Haven't read back, sorry, been busy mad here. Found a great way to get hubby (or wife I guess) to agree to race entries, suggest you are going to enter something really really stupid, let them talk you out of doing it, then drop in that you were also considering entering the ballot for such and such, and smile with joy when they say 'now that I can see you entering'!!! Well it worked for me ... now have tacit agreement for me to at least enter the UTMB ballot, obviously I haven't mentioned the WHW race that I'll be doing before it. The bait I used was http://www.cxtri.com/ but hubby pointed out that perhaps my 40 lengths of breastroke might take a bit of work to convert into 2.5 miles of open water swimming, for starters. Anyway, thought the race looked awesome and am definitely putting it on my 2014 wannado list!
10 miles round the forest this morning - glorious warm blue-skies-sunshine day, shame about the every present brisk breeze, but pleased to knock it out at a decent pace. I think I might be becoming fit again!!
Wow, this is a busy thread. No way I can catch up on all the news since I lasted posted.
Had enjoyable weekends at the Lakeland 50 (14 hours) and then two weeks later at the NDW100, which turned out to be tougher than expected - not so much the terrain but just the fact that 100 miles is a long way - in 29 hours, only just meeting the cut-offs.
Two weeks after that my first ever DNF in 13 years of running - I got to about mile 83 of the Ridgeway 85 with the finish literally in sight but got to the stage where, after about 20 miles of pain with it, my left leg would no longer move. The only I could move it was to clasp both hands under the hamstring and literally lift the leg off the ground and move it forward before bringing up the good leg, and repeating. I soon realised this was futile and threw in the towel. After 24 hours in A&E and recuperation at home I am getting back to normal.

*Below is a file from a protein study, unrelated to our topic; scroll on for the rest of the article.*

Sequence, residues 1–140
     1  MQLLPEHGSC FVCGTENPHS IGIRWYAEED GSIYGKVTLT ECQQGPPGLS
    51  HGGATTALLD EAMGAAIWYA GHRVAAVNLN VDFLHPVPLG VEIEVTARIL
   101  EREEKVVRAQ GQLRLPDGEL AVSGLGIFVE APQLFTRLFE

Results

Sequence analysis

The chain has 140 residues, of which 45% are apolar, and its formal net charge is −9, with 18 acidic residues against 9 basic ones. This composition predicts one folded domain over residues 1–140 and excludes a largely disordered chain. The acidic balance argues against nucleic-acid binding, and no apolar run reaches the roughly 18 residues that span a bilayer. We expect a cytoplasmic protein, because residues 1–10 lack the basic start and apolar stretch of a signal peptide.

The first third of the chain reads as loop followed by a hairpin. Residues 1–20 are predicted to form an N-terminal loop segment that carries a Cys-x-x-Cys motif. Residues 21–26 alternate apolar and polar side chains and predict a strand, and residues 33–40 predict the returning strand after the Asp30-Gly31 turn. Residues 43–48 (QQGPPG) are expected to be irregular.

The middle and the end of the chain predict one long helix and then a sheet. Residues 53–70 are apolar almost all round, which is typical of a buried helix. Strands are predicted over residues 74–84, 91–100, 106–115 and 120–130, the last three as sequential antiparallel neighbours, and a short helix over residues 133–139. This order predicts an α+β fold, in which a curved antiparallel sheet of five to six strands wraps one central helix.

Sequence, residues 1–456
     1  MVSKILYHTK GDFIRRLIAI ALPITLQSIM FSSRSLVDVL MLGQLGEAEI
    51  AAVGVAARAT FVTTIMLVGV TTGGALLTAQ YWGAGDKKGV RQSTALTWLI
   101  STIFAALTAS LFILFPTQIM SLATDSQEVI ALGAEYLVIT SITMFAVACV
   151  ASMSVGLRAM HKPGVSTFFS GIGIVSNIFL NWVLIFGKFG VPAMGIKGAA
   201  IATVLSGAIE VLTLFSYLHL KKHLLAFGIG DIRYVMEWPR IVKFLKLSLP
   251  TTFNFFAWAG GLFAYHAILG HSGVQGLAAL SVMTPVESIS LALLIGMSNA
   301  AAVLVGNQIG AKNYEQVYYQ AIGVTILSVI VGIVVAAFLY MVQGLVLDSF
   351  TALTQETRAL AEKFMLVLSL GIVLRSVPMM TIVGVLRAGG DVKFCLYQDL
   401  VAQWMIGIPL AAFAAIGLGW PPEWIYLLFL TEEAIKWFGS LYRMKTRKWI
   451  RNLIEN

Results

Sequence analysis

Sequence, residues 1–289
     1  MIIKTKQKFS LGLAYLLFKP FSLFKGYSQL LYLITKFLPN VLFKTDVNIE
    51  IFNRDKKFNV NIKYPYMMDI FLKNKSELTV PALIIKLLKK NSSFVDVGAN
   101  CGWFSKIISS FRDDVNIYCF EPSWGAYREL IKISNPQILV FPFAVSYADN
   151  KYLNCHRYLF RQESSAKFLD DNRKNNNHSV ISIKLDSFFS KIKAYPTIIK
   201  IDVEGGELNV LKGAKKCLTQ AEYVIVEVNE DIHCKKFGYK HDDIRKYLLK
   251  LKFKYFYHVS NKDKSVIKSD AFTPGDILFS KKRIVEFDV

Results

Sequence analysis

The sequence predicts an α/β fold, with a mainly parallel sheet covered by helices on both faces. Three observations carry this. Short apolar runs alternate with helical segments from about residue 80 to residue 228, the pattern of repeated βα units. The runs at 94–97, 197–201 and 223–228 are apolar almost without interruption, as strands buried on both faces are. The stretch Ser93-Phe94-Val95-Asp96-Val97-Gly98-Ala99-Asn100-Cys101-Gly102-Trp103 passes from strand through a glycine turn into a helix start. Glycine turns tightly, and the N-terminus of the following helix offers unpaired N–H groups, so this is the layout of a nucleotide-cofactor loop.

cragchick - how are you going to bring it up with Mr cragchick that he is going to be support crew and may be obliged to run with you for the last stages of WHW??
Well completed my firs 100km race at the Hardmoors 60. Fabolous weather, fabolous course and very well run race.The race itself was going exactly as I had planned it in my head up to the 30 mile point. In that I was within the top 5 and was hoping for somewhere between 10 and 12 hours. The 10 hours was more of a dream time than a real time, but there I was living the dream and bang on target.